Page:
Marc Mims > Net-Twitter-4.00004 > Net::Twitter::Role::RateLimit

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Module Version: 4.00004   Source   Latest Release: Net-Twitter-4.01005

NAME ^

Net::Twitter::Role::RateLimit - Rate limit features for Net::Twitter

VERSION ^

version 4.00004

SYNOPSIS ^

    use Net::Twitter;
    my $nt = Net::Twitter->new(
        traits => [qw/API::RESTv1_1 RateLimit/],
        %other_options,
    );

    #...later

    sleep $nt->until_rate(1.0) || $minimum_wait;

DESCRIPTION ^

This provides utility methods that return information about the current rate limit status.

METHODS ^

If current rate limit data is not resident, these methods will force a call to rate_limit_status. Therefore, any of these methods can throw an error.

rate_remaining

Returns the number of API calls available before the next reset.

rate_reset

Returns the Unix epoch time of the next reset.

rate_limit

Returns the current hourly rate limit.

rate_ratio

Returns remaining API call limit, divided by the time remaining before the next reset, as a ratio of the total rate limit per hour.

For example, if rate_limit is 150, the total rate is 150 API calls per hour. If rate_remaining is 75, and there 1800 seconds (1/2 hour) remaining before the next reset, rate_ratio returns 1.0, because there are exactly enough API calls remaining to maintain he full rate of 150 calls per hour.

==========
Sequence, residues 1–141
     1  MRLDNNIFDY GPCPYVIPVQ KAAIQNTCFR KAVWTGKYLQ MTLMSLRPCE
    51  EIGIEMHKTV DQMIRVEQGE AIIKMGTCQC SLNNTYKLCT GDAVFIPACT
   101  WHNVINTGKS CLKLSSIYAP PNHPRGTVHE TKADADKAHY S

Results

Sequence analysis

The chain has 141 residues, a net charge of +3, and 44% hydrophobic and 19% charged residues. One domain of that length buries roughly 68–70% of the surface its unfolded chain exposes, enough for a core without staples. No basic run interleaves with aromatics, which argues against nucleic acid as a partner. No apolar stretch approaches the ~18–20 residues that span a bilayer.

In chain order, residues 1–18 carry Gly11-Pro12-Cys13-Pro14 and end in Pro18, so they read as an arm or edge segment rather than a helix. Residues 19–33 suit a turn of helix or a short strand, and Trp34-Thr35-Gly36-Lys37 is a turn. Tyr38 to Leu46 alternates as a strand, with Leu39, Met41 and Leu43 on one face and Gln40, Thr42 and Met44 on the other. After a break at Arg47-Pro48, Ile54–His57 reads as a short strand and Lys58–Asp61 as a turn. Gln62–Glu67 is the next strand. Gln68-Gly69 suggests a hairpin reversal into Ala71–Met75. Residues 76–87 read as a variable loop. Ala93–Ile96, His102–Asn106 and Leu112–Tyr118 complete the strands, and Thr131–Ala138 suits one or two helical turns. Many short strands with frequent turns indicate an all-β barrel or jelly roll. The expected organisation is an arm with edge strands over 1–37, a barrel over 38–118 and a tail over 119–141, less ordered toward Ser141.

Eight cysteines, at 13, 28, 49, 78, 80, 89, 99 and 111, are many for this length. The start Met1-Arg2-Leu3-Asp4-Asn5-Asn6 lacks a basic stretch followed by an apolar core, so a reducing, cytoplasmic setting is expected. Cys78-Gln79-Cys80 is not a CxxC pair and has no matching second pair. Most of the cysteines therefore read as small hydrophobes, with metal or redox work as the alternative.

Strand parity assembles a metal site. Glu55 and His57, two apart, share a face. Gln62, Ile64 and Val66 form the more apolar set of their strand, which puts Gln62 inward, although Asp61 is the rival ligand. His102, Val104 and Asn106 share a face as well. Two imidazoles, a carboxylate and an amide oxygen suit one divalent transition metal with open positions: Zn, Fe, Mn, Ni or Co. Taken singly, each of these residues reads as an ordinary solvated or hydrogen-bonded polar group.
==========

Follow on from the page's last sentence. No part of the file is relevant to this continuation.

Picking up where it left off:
If rate_remaining is 30 and there are 360 seconds remaining before reset, rate_ratio returns 2.0, because there are enough API calls remaining to maintain twice the full rate of 150 calls per hour.

As a final example, if rate_remaining is 15, and there are 7200 seconds remaining before reset, rate_ratio returns 0.5, because there are only enough API calls remaining to maintain half the full rate of 150 calls per hour.

until_rate($target_ratio)

Returns the number of seconds to wait before making another rate limited API call such that $target_ratio of the full rate would be available. It always returns a number greater than, or equal to zero.

Use a target rate of 1.0 in a timeline polling loop to get a steady polling rate, using all the allocated calls, and adjusted for other API calls as they occur.

Use a target rate < 1.0 to allow a process to make calls as fast as possible but not consume all of the calls available, too soon. For example, if you have a process building a large social graph, you may want to allow it make as many calls as possible, with no wait, until 20% of the available rate remains. Use a value of 0.2 for that purpose.

A target rate > than 1.0 can be used for a process that should only use "extra" available API calls. This is useful for an application that requires most of it's rate limit for normal operation.

AUTHOR ^

Marc Mims <marc@questright.com>

LICENSE ^

Copyright (c) 2009 Marc Mims

This library is free software; you can redistribute it and/or modify it under the same terms as Perl itself.

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